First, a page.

Hands up – who likes to take the odd photo of their motorcycle? I know I do for sure.
Being a pro-photographer and bike instructor gives me a bunch of good excuses to photograph my 2016 Triumph Tiger Explorer XrX Low.
Here are my thoughts about getting the most of whatever camera you are using a camera phone, DSLR, or mirrorless camera.
Before we do start though, we should have a quick talk about cameras and which ones to use and when.
Camera Options for Motorcyclists
Sigma FP (Full Frame)
There are many reasons I love this little powerhouse of a camera – mostly due to its size. It’s the smallest full-frame camera that offers a class-leading capability of video and stills. It suits my needs across the board. From photographing things for articles just like this one to filming shows.
As all riders know, space is very limited on a motorcycle, so, the Sigma FP makes an amazing addition to my kit. The image below features the Sigma FP camera paired up with a pair of ND Grad filters (will talk about filters in a forthcoming blog) and a matte box to increase contrast.
A good tripod is always valuable, I have been using the awesome Three Legged Thing Tripods for years. They can take the abuse that “bike life” can have one kit.
The camera is full-frame, which gives me a wide range of pro-level glass, but also works with a more compact kit when I need to. it should be noted that, as this is a full-frame (35mm) camera, some of the lenses can still be pretty large.
Fujifilm X-Pro2 (APS-C Sensor – Half Frame)
Fujifilm is a company I know very well. Over the last decade, as a former ambassador for them, I have predominantly only using Fujifilm kit. Cameras used ranged from the huge GFX cameras to the iconic X-Pro series.
These days, the X-Pro2 is the only Fujifilm camera I have left and it lives in my pannier as a day to day camera. The Pro2 is extremely well built and hardwearing – an essential element in a camera for motorcycle enthusiasts.
Video specs are lacking compared to the Sigma, but the X-Pro2 does work better when using flash, so, work is balanced out depending on the needs of the shoot.
The Fujifilm is an APS-C sensor system, meaning the senor in the camera (the bit that collects the data) is about half the size of the sensor in the Sigma camera. This is not to say that the quality of the final image is worse, it’s just captured on a smaller sensor.
They say the best camera is the one you want to carry with you, which has some truth to it, but kinda not that true either. Mobile phones are great for capturing the moment and sharing memories with family and friends.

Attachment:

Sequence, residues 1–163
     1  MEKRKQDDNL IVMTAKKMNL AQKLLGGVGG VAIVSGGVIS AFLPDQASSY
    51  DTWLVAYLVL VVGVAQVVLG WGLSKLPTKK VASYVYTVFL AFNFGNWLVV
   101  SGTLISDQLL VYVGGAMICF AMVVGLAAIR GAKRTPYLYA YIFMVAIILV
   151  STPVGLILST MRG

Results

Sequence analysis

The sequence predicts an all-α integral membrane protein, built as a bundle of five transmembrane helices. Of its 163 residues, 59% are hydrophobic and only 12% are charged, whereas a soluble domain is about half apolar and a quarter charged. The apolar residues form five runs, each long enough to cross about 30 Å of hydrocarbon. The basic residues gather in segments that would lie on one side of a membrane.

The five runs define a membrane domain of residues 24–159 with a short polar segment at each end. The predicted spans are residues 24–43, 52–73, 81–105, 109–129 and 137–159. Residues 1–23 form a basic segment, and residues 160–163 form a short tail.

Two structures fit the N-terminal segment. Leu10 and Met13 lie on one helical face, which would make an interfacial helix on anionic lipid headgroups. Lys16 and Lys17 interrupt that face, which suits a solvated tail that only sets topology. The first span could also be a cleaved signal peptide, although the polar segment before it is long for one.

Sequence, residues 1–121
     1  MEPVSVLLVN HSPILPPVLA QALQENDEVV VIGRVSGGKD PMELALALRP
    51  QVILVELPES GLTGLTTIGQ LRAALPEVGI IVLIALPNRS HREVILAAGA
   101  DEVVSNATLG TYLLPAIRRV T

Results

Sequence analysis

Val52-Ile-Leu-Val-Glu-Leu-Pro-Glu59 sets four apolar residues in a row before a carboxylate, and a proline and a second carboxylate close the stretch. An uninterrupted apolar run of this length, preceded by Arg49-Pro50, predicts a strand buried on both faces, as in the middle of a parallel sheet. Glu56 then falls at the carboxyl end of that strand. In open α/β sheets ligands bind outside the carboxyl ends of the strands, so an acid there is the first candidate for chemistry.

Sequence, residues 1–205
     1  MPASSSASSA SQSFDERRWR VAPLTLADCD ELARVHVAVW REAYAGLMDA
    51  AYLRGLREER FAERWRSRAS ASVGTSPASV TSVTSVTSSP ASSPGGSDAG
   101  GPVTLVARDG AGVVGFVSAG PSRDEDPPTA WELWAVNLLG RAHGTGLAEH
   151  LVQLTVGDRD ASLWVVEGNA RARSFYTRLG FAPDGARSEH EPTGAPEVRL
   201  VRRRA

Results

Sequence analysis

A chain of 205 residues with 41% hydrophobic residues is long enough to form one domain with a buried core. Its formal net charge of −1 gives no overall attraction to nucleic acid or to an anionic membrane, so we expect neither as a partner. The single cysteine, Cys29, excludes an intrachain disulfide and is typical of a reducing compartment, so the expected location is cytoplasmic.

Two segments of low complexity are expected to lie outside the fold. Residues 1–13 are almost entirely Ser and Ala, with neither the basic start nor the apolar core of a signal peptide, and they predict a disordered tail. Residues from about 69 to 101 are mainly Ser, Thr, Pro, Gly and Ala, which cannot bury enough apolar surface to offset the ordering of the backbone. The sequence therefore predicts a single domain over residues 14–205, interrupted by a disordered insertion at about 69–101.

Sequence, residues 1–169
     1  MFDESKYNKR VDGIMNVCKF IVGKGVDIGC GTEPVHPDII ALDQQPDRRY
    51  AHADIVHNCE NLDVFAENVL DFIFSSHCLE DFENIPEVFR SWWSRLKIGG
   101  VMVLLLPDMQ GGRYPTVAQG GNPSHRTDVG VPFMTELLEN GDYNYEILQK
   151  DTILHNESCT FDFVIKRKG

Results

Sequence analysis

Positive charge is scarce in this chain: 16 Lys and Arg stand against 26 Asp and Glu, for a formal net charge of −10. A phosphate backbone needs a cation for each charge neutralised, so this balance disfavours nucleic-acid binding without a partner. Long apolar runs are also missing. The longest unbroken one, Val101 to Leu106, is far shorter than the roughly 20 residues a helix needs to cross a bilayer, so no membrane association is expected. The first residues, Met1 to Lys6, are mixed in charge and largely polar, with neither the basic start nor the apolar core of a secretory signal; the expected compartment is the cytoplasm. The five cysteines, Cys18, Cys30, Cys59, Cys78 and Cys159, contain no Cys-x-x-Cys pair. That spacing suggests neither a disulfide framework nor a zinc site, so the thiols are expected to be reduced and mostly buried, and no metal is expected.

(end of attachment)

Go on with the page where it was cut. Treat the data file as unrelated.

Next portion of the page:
In my view, mobile phones are great at being reactive to the environment but can restrict us when we want to pro-active about building or capturing a story or moment. It all comes down to the level of control that the camera will give you. Let me explain.
- Are designed to be simple
- Performs all exposure adjustments
- Automatically adjust colors
They do those and other adjustments that save you the hassle later. The problem is, sometimes we want the full manual control that a mobile phone can restrict.
We must also remember that not all phones are created equal. The new phones that range into the $1000s might just give you all the access to the same controls, but then you find yourself limited by the optics (lens) that it has.
Lens choice is maybe the single biggest restriction that mobile phones will always have over dedicated cameras.
Whereas sensor technology might get better (meaning things like dynamic range and image quality might get better, an interchangeable lens system (like a DLSR or Mirrorless camera), there is never a way around using the right lens for the right job.
Mobile phones are what a photographer would call, a fixed lens system, whereas camera like the Sigma is interchangeable. I can switch out the lenses as and when I need them, great, but, on a bike where do I store all these lenses. Good question, so, what’s best?
Cameras Vs Phones
I guess the idea that I am trying to get at is that all of the options have plus sides and downsides.
Phones are getting more and more powerful, they have some great editing apps and even ways to get different focal lengths via clip-on lenses. Phones are easy to keep charged and always to hand.
Mobile devices – the easiest way to take photos.
- Size & Weight / Portability
- Always have them about
- Easy to share & store images
- Same device to edit with
- Digital effects (portrait mode etc..)
- Instagram & facebook – direct upload
- GPS tagging
- USB charging
- Single-click operation
- Apple (the new iPhone Max is insanely good)
- Lower dynamic range
- Smaller sensor
- Small file size
- No flash sync
- No Manual controls
- Fixed focal length
Dedicated camera – best in terms of control & quality
- Dedicated device
- Full control over all settings
- Low Noise/grain
- Raw & Jepg file formats
- Easy to build a system (tripods, flash, ND, grads etc…)
- Low Light capability
- Bigger Sensor
- Dynamic Range
- Replaceable battery
- Changeable lenses
- Set-up time
- Post Processing time
- Large files
- Bulk & size
- Not all charge via USB
- No or little GPS tagging systems
What’s the Best Camera for Me?
I guess it comes down to the user to what that is trying to achieve and why. If the past is anything to go on, the future shows that mobile devices are getting better and better where are the camera market is getting less and less R&D in comparison.
The problem is that we have pretty much hit a limit to what a normal CMOS sensor can do. Leaving all the future step forward being with the software giants.
Many mobile phones happily shoot RAW files at near comparable quality to lower-end cameras. There is a crossover point that makes getting a dedicated camera system pointless, and I get that for sure.